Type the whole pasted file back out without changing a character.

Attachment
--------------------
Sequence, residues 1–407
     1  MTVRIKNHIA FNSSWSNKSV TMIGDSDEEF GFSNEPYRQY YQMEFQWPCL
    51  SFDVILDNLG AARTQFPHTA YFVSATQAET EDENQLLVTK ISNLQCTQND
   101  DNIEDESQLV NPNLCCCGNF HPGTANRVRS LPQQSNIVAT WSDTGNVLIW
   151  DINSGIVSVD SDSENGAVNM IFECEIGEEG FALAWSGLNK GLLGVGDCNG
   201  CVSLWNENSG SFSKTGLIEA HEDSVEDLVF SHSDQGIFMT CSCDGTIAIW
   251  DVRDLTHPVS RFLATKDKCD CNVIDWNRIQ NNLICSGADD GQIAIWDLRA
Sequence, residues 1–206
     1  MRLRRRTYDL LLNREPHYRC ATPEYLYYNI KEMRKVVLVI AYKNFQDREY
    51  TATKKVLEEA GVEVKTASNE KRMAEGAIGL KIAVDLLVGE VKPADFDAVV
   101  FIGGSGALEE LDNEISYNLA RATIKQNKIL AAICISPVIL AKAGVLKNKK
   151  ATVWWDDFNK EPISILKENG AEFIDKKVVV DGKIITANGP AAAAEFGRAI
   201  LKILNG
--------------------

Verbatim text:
Sequence, residues 1–407
     1  MTVRIKNHIA FNSSWSNKSV TMIGDSDEEF GFSNEPYRQY YQMEFQWPCL
    51  SFDVILDNLG AARTQFPHTA YFVSATQAET EDENQLLVTK ISNLQCTQND
   101  DNIEDESQLV NPNLCCCGNF HPGTANRVRS LPQQSNIVAT WSDTGNVLIW
   151  DINSGIVSVD SDSENGAVNM IFECEIGEEG FALAWSGLNK GLLGVGDCNG
   201  CVSLWNENSG SFSKTGLIEA HEDSVEDLVF SHSDQGIFMT CSCDGTIAIW
   251  DVRDLTHPVS RFLATKDKCD CNVIDWNRIQ NNLICSGADD GQIAIWDLRA
Sequence, residues 1–206
     1  MRLRRRTYDL LLNREPHYRC ATPEYLYYNI KEMRKVVLVI AYKNFQDREY
    51  TATKKVLEEA GVEVKTASNE KRMAEGAIGL KIAVDLLVGE VKPADFDAVV
   101  FIGGSGALEE LDNEISYNLA RATIKQNKIL AAICISPVIL AKAGVLKNKK
   151  ATVWWDDFNK EPISILKENG AEFIDKKVVV DGKIITANGP AAAAEFGRAI
   201  LKILNG